Commemorations marking the 250th anniversary of Captain Cook’s 1769 voyage to New Zealand start will start in March and are being expressed through music, storytelling, kapa haka, arts, and other cultural activities on the Coromandel. The national Tuia – 250 Encounters celebrates and recognises the connections made by the maori communities from Ngati Hei and Ngati Whanaunga to Captain Cook and his crew’s arrival.
In 2020, Australia will mark 250 years since James Cook’s arrival to Australian shores in 1770 with a circumnavigation of Australia on the replica ship HMB Endeavour. The initiative of the Australian National Maritime Museum will provide an opportunity to reflect on the significance of the voyage in Australia’s history, including the impact it has on Indigenous Australians.
In 2018, 250 years on from the Endeavour’s departure from Plymouth, it feels right to revisit Cook’s legacy, but with fresh eyes looking through different lenses. Over time, Cook has become a symbol, as much myth as man. Why? The National Library of Australia has long had a strong collecting interest in Cook’s voyages, offering rich pickings to investigate these questions. Yet Cook and the Pacific is its first full-scale, international exhibition about Cook.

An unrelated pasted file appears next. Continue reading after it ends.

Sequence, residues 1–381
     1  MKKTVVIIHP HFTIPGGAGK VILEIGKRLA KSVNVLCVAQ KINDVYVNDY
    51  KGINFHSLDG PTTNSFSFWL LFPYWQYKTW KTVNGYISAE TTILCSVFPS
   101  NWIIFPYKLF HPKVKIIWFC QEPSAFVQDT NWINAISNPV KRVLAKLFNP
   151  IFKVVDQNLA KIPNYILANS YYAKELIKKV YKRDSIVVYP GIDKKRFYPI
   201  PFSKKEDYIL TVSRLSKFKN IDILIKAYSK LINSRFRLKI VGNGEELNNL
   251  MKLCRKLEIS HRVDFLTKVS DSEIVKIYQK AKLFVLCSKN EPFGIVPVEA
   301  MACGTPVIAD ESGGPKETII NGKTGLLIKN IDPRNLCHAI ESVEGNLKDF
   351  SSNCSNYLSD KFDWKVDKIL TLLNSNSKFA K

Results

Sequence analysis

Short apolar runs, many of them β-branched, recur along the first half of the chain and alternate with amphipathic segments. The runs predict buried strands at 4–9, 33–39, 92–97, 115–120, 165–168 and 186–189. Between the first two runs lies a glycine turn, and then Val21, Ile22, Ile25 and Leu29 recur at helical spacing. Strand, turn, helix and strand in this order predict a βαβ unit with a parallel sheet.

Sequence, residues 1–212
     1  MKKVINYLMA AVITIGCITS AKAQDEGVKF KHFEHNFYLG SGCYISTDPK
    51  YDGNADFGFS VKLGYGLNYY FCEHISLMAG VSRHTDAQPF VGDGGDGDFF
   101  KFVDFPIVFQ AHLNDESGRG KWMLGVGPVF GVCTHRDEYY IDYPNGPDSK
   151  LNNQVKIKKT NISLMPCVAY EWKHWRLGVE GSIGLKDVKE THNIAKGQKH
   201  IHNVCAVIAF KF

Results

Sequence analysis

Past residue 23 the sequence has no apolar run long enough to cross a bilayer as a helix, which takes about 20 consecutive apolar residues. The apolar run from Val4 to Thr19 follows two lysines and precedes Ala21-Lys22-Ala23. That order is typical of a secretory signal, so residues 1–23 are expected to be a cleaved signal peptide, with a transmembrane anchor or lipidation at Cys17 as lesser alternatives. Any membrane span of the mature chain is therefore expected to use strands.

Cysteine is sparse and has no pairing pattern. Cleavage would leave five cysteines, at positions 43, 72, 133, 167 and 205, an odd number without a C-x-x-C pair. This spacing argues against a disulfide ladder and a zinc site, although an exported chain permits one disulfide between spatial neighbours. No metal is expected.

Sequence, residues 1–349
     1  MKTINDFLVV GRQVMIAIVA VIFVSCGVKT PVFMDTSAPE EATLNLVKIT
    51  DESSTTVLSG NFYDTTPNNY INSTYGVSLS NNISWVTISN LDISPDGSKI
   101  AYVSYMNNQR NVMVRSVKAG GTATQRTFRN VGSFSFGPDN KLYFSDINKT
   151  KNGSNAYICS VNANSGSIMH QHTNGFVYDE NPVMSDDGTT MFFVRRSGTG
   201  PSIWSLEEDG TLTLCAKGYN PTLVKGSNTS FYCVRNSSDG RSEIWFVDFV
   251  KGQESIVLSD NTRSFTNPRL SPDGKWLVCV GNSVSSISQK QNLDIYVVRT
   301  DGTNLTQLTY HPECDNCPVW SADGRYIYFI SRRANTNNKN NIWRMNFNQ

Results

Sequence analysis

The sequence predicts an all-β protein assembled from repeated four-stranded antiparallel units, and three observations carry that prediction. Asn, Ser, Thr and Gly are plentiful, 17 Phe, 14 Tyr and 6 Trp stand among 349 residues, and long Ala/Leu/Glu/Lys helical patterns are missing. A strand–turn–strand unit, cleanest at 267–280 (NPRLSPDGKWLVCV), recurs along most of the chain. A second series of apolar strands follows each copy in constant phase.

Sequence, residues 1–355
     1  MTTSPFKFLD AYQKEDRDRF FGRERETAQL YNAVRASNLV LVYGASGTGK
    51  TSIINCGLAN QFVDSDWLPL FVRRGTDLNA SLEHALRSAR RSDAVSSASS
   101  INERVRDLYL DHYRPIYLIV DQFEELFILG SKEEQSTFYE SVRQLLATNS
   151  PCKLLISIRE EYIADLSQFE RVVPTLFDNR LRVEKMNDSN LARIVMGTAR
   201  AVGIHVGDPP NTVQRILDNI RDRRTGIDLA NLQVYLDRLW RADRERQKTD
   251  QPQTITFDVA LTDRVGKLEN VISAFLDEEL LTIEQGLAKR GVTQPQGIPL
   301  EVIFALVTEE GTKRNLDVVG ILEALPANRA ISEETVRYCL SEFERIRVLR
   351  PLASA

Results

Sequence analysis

Plants that were salvaged after Captain Cook’s Endeavour ran aground on the Great Barrier Reef nearly 250 years ago, will be photographed to create never before seen images in a permanent digital record. It’s part of a project that will carefully photograph 1.4 million specimens at the National Herbarium of NSW, giving plant lovers and the broader scientific community access to botanical treasurers that until now have been kept behind closed doors.
Horsham Museum and Art Gallery’s latest exhibition ‘Voyages to the Pacific’ is inspired by the 250th Anniversary of the departure of James Cook’s first voyage to Tahiti in 1768. The exhibition draws on the museum’s remarkable collection of ethnographic material. The show highlights the interactions and exchanges that have taken place between the peoples of Europe and the Pacific over the last 250 years, including Horsham’s residents whose objects are displayed.
250 years ago, James Cook left England on the first of three expeditions to the Pacific Ocean. A skillful navigator, he visited many places new to Europeans and his voyage accounts were widely read and celebrated. Today, his legacy is sometimes debated. In the Pacific, Islanders continue to remember the encounters that occurred, re-imagining them in artworks which reflect on their impact. This exhibition at the British Museum runs 29 November 2018 to 4 August 2019.